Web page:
In response to a newsletter, a customer wrote me about a conversation with a Japanese friend about ceremonies for daily use items. This idea intrigued me and I’m trying to learn more. In the meantime, I’ve been wondering: How would I design a ceremony for objects that I use every day?
Creating rituals is not my forte. I have, however, been cultivating a practice of gratitude. Before going to bed I write down three things for which I’m thankful. Some nights I have no trouble making the short list; other nights it takes me a while.
As I transition from 2012 to 2013, it feels important to express my gratitude: for roadside garbage pick-up, for the barista remembering my usual drink, for sunshine after a thunderstorm and so much more. That so much more includes the physical objects that support me in my everyday life.
My things and I have been through two cross-country moves this year. I made lots decisions about what to keep and what to let go of. The keepers spent almost two months in storage and I felt a little disoriented without them.
I found that what I missed most during those months was weaving equipment. In addition to being my livelihood, weaving keeps me grounded and I was more than a little disoriented without my looms.
My belongings are part of what makes my house a home. They are an expression of me and they hold a lot of meaning. My life flows more smoothly with my familiar tools at hand and when I know where things are.
As I scan the kitchen some of the things I see are:
- the ceramic tea canister I bought years ago at a craft fair that holds my loose leaf Golden Nepal tea
- the cheery yellow kettle that whistles when the tea water boils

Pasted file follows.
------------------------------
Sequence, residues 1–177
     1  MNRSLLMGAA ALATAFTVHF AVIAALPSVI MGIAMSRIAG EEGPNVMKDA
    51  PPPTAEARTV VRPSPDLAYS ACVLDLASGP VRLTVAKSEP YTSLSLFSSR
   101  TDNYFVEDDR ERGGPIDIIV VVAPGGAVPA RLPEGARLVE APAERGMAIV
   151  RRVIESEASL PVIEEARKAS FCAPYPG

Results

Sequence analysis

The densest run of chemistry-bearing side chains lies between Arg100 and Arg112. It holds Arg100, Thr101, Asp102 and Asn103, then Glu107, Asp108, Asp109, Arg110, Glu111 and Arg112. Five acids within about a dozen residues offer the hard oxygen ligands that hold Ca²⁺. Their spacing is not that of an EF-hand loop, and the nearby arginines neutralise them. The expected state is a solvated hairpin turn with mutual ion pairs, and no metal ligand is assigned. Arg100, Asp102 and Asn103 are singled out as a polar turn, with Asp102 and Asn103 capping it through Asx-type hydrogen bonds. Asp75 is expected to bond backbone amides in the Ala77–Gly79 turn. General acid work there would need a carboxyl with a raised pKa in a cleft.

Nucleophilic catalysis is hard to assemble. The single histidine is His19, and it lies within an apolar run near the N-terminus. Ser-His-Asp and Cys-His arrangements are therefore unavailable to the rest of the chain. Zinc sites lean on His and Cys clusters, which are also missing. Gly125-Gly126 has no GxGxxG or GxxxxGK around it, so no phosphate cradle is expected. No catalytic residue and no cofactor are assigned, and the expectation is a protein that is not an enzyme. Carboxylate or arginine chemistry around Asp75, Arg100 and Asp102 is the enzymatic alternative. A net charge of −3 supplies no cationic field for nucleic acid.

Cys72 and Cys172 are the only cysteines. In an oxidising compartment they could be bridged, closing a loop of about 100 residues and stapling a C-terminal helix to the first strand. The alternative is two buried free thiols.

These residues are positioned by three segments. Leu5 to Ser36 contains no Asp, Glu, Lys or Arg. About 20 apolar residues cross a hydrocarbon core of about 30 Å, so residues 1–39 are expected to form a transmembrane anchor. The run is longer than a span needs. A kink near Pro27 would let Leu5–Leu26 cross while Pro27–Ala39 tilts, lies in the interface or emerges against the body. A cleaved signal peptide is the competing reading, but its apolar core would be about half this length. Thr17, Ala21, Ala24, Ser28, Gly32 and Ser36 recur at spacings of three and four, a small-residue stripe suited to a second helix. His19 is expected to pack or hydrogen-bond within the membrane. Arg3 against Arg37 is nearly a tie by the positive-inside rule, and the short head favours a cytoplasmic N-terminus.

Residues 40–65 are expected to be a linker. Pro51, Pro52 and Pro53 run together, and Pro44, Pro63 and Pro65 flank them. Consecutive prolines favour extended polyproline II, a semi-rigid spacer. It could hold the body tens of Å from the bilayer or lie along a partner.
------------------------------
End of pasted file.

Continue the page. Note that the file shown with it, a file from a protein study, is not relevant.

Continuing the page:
- the avocado wood salad servers that my friend Holly made
- two well-used towels that were among my first weaving projects
These are all ordinary objects and it is easy to take them for granted. Each item has a story about how it came into my life and sometimes who made it. Each supports my daily life. They help me make my morning tea, toss & serve salads, and dry my hands while cooking and then cleaning up. Each deserves my gratitude and appreciation.
As I bring my attention to each item, I consider its story. I say a word of thanks and my awareness of the function it plays in my life deepens. My gratitude grows and I feel full. What a delicious way to end one year and begin the next.
My invitation to you: As you scan your kitchen or any room in your house, what do you see? How do these objects support your daily life? What happens when you pause and express gratitude for each item.
Avis Peterson says
Marilyn: Thank you for sharing a bit of yourself at this blog site. I landed here by way of looking at, yet another blog site. Your weaving talent is noticed and appreciated by myself, one of your new readers.
I am also intent on a path of gratitude, as well as giving. Currently, I have another web site blog in development (hmmm, I logged on just to do just that). The blog is anchored with the Pay It Forward concept, and I have our rural valley targeted to take action in doing good deeds for one another. Wishing you a wonderful day.